The report was released today, National Children’s Mental Health Awareness Day (Awareness Day), SAMHSA’s annual celebration highlighting the importance of caring for every child’s mental health. Awareness Day is part of SAMHSA’s strategic initiative on public awareness and support. More than 130 National organizations and Federal agencies and programs are collaborating to provide greater access to community-based mental health services and supports for all children and youth with serious mental health conditions and their families as part of Awareness Day 2012. Across the country, more than 1,100 communities are celebrating this annual observance with local events; social media campaigns; and dance, music, and visual activities with children to raise awareness about the importance of children’s mental health.
Our symposium and workshop on May 12, “Living with Schizophrenia and Related Disorders: A Call For Hope and Recovery” was AMAZING! The workshop included how to start, support and maintain Schizophrenics Anonymous (SA) Self-help/Peer Support Groups for people with schizophrenia-related disorders.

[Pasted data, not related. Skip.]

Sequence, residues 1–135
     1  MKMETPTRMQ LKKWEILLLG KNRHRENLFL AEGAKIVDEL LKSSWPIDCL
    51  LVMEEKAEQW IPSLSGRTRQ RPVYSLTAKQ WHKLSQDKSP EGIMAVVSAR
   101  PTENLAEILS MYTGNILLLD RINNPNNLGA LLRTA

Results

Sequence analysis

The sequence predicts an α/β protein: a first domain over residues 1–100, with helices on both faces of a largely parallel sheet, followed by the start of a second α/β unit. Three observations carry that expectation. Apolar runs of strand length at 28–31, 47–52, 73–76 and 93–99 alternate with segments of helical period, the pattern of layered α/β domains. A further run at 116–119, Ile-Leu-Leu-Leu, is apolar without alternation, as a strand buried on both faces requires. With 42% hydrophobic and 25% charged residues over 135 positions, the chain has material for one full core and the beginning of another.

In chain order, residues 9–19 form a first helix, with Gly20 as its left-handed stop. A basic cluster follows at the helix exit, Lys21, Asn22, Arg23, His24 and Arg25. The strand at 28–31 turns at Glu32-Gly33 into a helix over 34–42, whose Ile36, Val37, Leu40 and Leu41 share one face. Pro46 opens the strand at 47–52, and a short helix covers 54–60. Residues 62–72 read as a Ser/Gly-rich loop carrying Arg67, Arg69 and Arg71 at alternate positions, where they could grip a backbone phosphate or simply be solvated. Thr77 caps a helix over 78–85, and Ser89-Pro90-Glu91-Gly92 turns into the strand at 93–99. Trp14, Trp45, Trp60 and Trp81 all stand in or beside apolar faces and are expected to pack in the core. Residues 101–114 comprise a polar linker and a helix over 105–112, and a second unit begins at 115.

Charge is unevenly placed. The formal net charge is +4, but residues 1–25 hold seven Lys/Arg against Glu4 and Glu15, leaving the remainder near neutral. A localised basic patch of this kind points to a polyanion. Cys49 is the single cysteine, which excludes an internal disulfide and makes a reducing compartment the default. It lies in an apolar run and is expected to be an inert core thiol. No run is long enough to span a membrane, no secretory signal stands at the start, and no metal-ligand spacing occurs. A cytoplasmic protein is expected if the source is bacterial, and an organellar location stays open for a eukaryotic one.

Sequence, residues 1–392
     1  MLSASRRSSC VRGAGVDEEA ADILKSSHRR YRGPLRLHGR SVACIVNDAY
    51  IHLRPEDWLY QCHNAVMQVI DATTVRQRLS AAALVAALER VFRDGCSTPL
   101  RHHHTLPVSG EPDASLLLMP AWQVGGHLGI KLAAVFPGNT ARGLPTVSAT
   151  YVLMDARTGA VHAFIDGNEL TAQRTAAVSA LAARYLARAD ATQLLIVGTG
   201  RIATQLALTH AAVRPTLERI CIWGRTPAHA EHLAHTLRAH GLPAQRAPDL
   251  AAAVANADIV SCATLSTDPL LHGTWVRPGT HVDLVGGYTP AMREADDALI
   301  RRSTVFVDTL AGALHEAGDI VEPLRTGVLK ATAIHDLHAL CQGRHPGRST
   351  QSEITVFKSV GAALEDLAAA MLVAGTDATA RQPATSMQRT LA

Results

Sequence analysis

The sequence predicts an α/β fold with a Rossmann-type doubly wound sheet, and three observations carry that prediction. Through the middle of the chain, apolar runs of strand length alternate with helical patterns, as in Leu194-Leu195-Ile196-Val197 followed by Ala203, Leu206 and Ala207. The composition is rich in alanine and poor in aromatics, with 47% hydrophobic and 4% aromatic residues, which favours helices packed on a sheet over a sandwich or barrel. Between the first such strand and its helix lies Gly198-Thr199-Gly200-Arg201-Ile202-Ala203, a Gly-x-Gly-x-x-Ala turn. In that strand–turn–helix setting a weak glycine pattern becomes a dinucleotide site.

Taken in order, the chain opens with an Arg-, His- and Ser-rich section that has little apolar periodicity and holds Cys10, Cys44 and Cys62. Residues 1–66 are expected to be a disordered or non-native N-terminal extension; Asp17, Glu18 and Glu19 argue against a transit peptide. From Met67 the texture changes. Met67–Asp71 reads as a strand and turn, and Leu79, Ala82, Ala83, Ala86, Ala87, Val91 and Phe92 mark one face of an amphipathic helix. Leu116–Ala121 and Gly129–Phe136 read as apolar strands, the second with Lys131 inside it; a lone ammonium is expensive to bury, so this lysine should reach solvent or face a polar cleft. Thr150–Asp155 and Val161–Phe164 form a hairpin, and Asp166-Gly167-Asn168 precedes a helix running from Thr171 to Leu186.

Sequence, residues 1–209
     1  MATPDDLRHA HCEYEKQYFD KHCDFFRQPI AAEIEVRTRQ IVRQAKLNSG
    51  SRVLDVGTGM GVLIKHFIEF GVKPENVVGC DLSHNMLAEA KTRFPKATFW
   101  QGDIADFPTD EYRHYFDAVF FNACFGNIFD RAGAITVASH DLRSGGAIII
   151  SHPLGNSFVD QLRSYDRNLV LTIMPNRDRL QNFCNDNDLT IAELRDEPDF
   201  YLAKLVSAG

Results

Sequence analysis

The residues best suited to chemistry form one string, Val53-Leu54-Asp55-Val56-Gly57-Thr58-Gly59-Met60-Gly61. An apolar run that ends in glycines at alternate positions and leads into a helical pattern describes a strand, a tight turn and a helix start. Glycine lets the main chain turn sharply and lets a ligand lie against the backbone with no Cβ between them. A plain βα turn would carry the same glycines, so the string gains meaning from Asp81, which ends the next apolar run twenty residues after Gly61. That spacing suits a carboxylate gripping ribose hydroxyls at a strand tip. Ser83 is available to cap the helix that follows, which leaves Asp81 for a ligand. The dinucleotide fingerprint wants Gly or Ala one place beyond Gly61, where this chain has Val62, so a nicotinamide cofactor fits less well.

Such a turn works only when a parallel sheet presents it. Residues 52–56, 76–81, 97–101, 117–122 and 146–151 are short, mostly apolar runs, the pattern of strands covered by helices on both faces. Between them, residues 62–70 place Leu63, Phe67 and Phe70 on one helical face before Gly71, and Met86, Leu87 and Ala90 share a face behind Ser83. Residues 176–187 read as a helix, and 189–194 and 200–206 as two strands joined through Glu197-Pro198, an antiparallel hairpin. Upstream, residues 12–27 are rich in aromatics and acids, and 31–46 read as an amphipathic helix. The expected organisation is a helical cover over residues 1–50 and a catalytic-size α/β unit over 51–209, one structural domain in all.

Jim C., SA member, talked about how Schizophrenics Anonymous saved his ife. Our other speakers included Dr. Thomas Powell (self-help/peer support expert) and Dr. Tamara Navarro (who spoke about having a meaningful life).
It was very powerful to hear people tell their stories. One of the most moving was about a guy who debated whether to even come because it was going to take him 45 minutes to walk to the hotel where the event was held. He finally decided to attend, walked 45 minutes there and told Linda that the best decision he made that day was getting up early and walking the 45 minutes there and attending the conference.
Managing Chronic Pain in Adults With or in Recovery From Substance Use Disorders , is a new manual developed to equip clinicians with practical guidance and tools for treating chronic non-cancer pain in adults with histories of substance use disorders . The manual was developed by the Substance Abuse and Mental Health Services Administration (SAMHSA).
The manual is one of the latest in the Treatment Improvement Protocol (TIP) series. TIPs are best-practice guidelines developed by SAMHSA to help provide state-of-the-art information to behavioral health care providers about effective treatment approaches.